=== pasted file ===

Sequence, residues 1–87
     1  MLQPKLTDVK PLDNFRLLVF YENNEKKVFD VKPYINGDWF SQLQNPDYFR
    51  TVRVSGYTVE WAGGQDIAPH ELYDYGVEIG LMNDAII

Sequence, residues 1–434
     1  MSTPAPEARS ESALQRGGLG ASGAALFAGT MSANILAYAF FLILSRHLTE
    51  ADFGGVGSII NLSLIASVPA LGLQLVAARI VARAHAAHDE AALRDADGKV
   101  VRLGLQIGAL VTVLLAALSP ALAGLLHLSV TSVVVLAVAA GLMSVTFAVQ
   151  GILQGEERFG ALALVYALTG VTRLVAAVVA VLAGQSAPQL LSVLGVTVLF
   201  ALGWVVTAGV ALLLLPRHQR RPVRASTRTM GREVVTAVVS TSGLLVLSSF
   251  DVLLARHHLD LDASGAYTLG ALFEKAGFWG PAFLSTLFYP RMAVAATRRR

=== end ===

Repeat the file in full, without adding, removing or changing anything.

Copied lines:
Sequence, residues 1–87
     1  MLQPKLTDVK PLDNFRLLVF YENNEKKVFD VKPYINGDWF SQLQNPDYFR
    51  TVRVSGYTVE WAGGQDIAPH ELYDYGVEIG LMNDAII

Sequence, residues 1–434
     1  MSTPAPEARS ESALQRGGLG ASGAALFAGT MSANILAYAF FLILSRHLTE
    51  ADFGGVGSII NLSLIASVPA LGLQLVAARI VARAHAAHDE AALRDADGKV
   101  VRLGLQIGAL VTVLLAALSP ALAGLLHLSV TSVVVLAVAA GLMSVTFAVQ
   151  GILQGEERFG ALALVYALTG VTRLVAAVVA VLAGQSAPQL LSVLGVTVLF
   201  ALGWVVTAGV ALLLLPRHQR RPVRASTRTM GREVVTAVVS TSGLLVLSSF
   251  DVLLARHHLD LDASGAYTLG ALFEKAGFWG PAFLSTLFYP RMAVAATRRR